Hugs, high tens, huge smiles, and a howl or two highlighted the happy moment when Weed Pride volunteers laid the final Main Street Project paver brick early Thursday afternoon.

Hugs, high tens, huge smiles, and a howl or two highlighted the happy moment when Weed Pride volunteers laid the final Main Street Project paver brick early Thursday afternoon.

It was actually only part of brick, carefully shaped using the brick cutting saw that wore down three diamond cutting blades during the three year project through downtown Weed.

Mayor Bob Hall, surrounded by more than a dozen other volunteers, placed the final paver on the east end of the Weed Arch, directly across the street from the spot where the first brick was laid in 2010.

Pride was one of the feelings expressed, along with relief, a sense of accomplishment, joy, friendship, and readiness to carry on with Weed Pride’s mission to work with the community to create an attractive and inviting Main Street.

“This has been one of the most powerful experiences of my life,” said Mayor Hall. “It’s a very emotional moment. More than 100 people invested their time and energy, sore muscles, and sore backs. I feel joy, relief, a sense of social accomplishment.”

City Council member Ken Palfini said he felt, “Relief; that it was a long job and quite the accomplishment; three years of work and a year of planning. It’s an example of what you can do if you put your mind to it. This is not the end; it’s just the beginning of what I think we can do.”

Jim Taylor pointed to the many citizens “from all walks of life” who participated, including City of Weed employees, members of the Fire Department, young kids – “a cross section of the population... We worked in sunshine, rain, snow, and freezing weather.”

Taylor said friendships were made and friendships were renewed.

“Bob (Hall) and I go back 40 years,” Taylor said. “We drifted away, but we came together in our commitment to this... There were naysayers; some said it will never make it, but as a group we did it. With this group I wouldn’t be afraid to tackle anything.”

Taylor noted that three generations of some Weed Pride members’ families worked on the project. He called it “a big family effort.”

“It’s a great feeling,” said John Oliver. “When you have a vision, you never know what will happen. This group was committed.”

Oliver said completing the Main Street Project “took longer than we thought.”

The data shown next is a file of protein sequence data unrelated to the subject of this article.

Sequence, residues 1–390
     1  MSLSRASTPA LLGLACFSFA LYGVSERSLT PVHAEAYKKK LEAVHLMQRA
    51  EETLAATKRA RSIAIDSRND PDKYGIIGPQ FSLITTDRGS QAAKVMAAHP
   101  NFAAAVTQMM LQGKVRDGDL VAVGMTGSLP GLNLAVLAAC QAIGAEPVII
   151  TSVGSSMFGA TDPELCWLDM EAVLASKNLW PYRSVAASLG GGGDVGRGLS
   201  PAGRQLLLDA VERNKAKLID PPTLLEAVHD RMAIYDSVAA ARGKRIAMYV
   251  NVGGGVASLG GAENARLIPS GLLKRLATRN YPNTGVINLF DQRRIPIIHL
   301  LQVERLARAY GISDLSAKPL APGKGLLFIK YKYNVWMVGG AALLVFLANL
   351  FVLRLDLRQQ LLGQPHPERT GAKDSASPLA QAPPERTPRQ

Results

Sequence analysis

Planning began in July 2009, followed by months of designing, plan approval, and obtaining funding.

The work included putting in new curbs and gutters, crosswalks, new light standards, sidewalks with hand-laid pavers, trees, and a wrought iron fence along Boles Creek. Volunteers painted two buildings and the gazebo in Centennial Park. Two benches, titled Night and Day, by artist William Wareham, were funded by Shasta Regional Community Foundation with help from Siskiyou Arts Council.

Some 2,400 feet of conduit for new lights was trenched and installed, the lights wired, 27 concrete footings for light standards poured, half a ton of polymer sand swept into the pavers, 14 custom tree grates designed, 14 new trees planted, and a huge silver sycamore tree replanted, according a report from Weed Pride member Donna Winger.

Winger took photos as the final bricks were placed and posted them within hours on the Weed Pride Facebook page.

The project’s price tag was estimated at approximately $470,000.

Those who lent a hand and or donated funds included volunteers from Hammond Lake to Lake Shastina, College of the Siskiyous, Weed High School, Weed Chamber of Commerce, Weed Revitalization Coalition, Weed Resource Center, Weed Parks and Recreation, RadioStar Studios, the Weed and Siskiyou Arts Councils, and River Run Gallery.

Laying bricks on the first side of the street took much longer, starting and stopping and needing to be re-done three times in front of the Chamber office because “the bricks weren’t going in right,” according to John Oliver.

But the process got more efficient as they went along.

“It was a community-based project, like the Centennial Plaza,” Oliver said. “We had visionaries, and the city working with volunteers. New City Administrator Ron Stock has done a good job; he rushed the priority on it. We couldn’t have done it without the equipment from the City and insurance.”

As Thursday’s celebration subsided and cleanup began, PJ Hall and Chris Lane, two volunteers who were there for the first brick and there for the last, looked down Main Street from the arch and reflected on the effort involved.

“It definitely brightens the downtown,” said Lane.

“We put in a lot of time,” said PJ. “It was worth it.”

Some paver bricks remain and future projects are being considered. Ideas, according to Winger, include a downtown park with a facility for performances, historical art, signage, and banners for the pedestrian lights.